May 31, 2023


Creative living

The Winding 30-Year Journey of Wilson Phillips’ ‘Hold On’

12 min read

At age 19, Chynna Phillips was just trying to get well.

The singer, who formed Wilson Phillips in 1986 with Carnie and Wendy Wilson, had struggled with drug and alcohol addiction throughout high school. As the trio cultivated their sound, learning together how to turn beautiful harmonies into thoughtful, original songs, she sought help.

“I was at a real crossroads in my life because I was still in a lot of pain over my ex-relationship, and I was just struggling to navigate through some pretty painful childhood experiences in therapy,” she says. “I was just depressed and anxious and trying to stumble through my teenage years and find myself as a young adult and figure out who I was.”

At the time, the three bandmates were driving to Encino every day to work with producer Glen Ballard in his garage studio. During one of their early sessions, Ballard presented the group with a track that needed lyrics. Something about it piqued Phillips’ interest, so she took a cassette of it home with her. Before she made it into her mother Michelle Phillips’ home, where she was still living, she sat outside in her car and began writing out a set of lyrics with the pen and yellow legal pad she kept with her.

“I thought to myself, ‘Well, AA tells me, just hold on, just one day at a time.’ I thought, ‘OK, if I can just hold on for one more day, then I can do this. If I can just take life one day at a time.’ It sounds so cliché as I’m saying it to you, but if I can just hold on for one more day, then I will be able to get through life if I just take it one day at a time.”

Phillips brought “Hold On” back with her the next day, singing it for the Wilsons and Ballard, who immediately loved it. The group recorded it, singing the three-part harmony into one microphone together as they always would. They were still unsigned, and for another couple years, they kept “Hold On,” “Release Me,” and a couple other tracks they’d eventually release on their 1990 self-titled debut under lock and key, pulling them out in their cars for supportive friends and judgmental boyfriends.

“I remember one guy I played it for said, ‘That’s not going to go anywhere. That’s not a very good song. It’s really corny,’” Phillips recalls. “I just remember thinking to myself, ‘God, I hope he’s wrong.’”

He was. “Hold On” was featured on a four-song Wilson Phillips demo that started a bidding war between record companies, who sent them flowers and tried to woo the group into signing. In 1989, the trio went with new label SBK Records. Wilson Phillips turned out to be a good investment: Their debut would produce four Top 10 hits, but none more enduring and massive than “Hold On.” In June 1990, “Hold On” topped the Billboard Hot 100, edging out Madonna’s “Vogue” from the spot. It became the biggest single of that year, and would land them the cover of Rolling Stone the following May. Even as the decade ended, it remained a radio staple.

Spurred by the band’s unforgettable cameo in the finale of the 2011 comedy Bridesmaids — accompanied by Maya Rudolph and Kristen Wiig’s hilariously intense dance routine, complete with lip-syncing and lyric-miming — the song has enjoyed a resurgence. Since then, it’s been featured on Glee; heard in a Progressive Insurance commercial where the spokeswoman recites the lyrics to Carnie Wilson; and, just this week, covered by Kelly Clarkson (with some help from the trio that made it famous) during the “Kellyoke” segment on The Kelly Clarkson Show. Visit any karaoke room, anywhere in the world, and odds are strong that “Hold On” will pour through the speakers at least once as amateur singers belt out the chorus’ hopeful, fast-paced harmonies.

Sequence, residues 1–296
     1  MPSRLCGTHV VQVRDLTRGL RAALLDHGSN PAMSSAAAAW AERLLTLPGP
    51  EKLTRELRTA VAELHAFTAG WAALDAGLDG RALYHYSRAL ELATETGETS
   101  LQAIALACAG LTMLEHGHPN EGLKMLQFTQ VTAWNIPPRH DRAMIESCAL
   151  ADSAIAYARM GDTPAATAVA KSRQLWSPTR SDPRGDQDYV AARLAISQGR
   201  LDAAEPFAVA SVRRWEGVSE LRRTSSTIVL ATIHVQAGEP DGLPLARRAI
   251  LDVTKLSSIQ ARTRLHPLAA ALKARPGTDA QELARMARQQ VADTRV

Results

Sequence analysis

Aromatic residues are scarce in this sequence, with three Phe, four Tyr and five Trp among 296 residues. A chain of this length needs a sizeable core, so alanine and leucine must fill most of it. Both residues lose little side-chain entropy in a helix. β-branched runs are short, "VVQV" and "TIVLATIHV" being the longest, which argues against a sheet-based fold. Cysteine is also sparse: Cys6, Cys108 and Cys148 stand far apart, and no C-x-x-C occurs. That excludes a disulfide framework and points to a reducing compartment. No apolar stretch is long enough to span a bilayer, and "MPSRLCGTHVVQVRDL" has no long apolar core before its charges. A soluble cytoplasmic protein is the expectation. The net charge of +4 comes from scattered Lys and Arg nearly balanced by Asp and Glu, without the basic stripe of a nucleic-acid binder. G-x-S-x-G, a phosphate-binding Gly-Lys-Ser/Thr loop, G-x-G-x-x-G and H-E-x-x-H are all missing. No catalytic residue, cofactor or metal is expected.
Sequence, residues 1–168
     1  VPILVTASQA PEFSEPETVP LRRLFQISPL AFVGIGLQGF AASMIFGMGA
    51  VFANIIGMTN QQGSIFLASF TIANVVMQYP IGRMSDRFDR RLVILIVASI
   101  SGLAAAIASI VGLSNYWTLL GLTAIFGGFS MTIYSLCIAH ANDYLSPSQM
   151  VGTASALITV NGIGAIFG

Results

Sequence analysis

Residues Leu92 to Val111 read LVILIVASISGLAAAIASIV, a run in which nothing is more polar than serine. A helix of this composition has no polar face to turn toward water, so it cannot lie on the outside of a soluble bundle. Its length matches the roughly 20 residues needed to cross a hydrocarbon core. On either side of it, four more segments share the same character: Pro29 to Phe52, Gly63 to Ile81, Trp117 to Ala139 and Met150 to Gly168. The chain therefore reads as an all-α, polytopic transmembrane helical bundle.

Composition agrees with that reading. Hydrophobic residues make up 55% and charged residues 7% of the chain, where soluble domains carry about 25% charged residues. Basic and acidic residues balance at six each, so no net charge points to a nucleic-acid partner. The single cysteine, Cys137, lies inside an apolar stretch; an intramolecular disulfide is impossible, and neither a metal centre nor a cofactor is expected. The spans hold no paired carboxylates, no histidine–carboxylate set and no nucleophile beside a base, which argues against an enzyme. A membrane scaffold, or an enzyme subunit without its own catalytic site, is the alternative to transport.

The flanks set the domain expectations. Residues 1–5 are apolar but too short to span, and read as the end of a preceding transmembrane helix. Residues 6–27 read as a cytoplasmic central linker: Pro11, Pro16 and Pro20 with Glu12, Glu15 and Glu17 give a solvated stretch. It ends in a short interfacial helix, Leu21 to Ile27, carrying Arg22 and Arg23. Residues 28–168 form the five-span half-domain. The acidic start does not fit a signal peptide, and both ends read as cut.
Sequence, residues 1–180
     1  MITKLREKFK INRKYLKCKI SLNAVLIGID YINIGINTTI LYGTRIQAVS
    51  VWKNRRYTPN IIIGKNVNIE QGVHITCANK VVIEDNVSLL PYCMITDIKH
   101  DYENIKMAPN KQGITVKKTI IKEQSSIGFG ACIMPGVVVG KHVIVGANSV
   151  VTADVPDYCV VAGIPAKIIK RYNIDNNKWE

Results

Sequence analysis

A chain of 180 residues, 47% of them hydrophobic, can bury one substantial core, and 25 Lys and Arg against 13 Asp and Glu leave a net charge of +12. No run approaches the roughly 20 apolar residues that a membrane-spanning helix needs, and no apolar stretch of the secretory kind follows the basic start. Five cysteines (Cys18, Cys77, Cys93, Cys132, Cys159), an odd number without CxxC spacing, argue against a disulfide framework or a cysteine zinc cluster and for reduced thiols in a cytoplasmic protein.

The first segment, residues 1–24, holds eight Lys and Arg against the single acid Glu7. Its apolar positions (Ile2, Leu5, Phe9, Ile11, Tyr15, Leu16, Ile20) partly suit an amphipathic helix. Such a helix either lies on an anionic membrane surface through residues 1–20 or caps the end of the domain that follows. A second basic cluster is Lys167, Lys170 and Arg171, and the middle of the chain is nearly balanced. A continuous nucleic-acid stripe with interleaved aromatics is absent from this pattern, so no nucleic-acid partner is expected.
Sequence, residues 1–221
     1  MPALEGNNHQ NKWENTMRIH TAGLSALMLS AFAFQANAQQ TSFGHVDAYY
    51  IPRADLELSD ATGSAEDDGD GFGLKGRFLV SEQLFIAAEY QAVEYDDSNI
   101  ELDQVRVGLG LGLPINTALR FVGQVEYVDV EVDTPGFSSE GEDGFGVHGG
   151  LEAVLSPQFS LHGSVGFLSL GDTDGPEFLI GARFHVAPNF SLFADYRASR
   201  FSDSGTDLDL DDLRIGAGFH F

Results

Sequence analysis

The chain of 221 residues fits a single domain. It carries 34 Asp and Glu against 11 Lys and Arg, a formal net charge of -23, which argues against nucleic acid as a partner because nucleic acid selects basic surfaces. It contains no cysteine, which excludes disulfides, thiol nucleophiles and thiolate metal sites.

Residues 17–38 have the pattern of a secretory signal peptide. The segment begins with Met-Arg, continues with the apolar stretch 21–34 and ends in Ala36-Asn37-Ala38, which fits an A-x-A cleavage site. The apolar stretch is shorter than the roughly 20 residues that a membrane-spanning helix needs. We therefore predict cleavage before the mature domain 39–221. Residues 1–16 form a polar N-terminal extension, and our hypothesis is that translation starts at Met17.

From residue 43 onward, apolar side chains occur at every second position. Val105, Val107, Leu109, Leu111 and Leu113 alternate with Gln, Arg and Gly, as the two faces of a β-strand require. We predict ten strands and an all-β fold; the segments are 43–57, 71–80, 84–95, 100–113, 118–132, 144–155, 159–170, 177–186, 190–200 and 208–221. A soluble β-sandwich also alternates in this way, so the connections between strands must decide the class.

“Hold On” was a breakout phenomenon, but it was no fluke. The young women of Wilson Phillips — the children of pop royalty from the Beach Boys and the Mamas and the Papas — had spent years hustling not just for success but also respect.

“I give them so much credit for not trying to be like anything that was out there,” Ballard says. Both Wilson Phillips’ sound and look were the antithesis of the leftover glamour and excess of the Eighties, caught in between an era of flashy arena-pop wonders and the gruff cynicism of grunge. The three lifelong best friends were earthy West Coast gals, wearing jeans and relying on their voices above everything else.

“They were inspired by their parents’ music more than anything, and it is really unusual for 19- and 20-year-olds to look at their parents and go, ‘I really dig their music more than anything,’ but they did,” Ballard adds. “There was a huge respect for Beach Boys and Mamas and Papas. There was legacy of incredible writers and musicians and artists, and I think they wanted some of that. I think they wanted their own version of that.”

The story of Wilson Phillips began with a basketball game. In 1968, Brian Wilson of the Beach Boys and the Mamas and the Papas’ John Phillips would meet in their spare time at a local school to shoot hoops; their wives brought newborn daughters Carnie Wilson and Chynna Phillips in carriages to the court. A year later, Carnie’s younger sister Wendy was born, and she became a part of the two families’ joint gatherings.

“[Our dads] formed a really close bond, and of course me and Carnie and then Wendy all formed a very close bond as little girls,” Chynna Phillps recalls. “I used to go over to their house almost every single weekend, and we would play and sing and dance and put on shows and hang out together and swim. They became just a real fabric of my life.”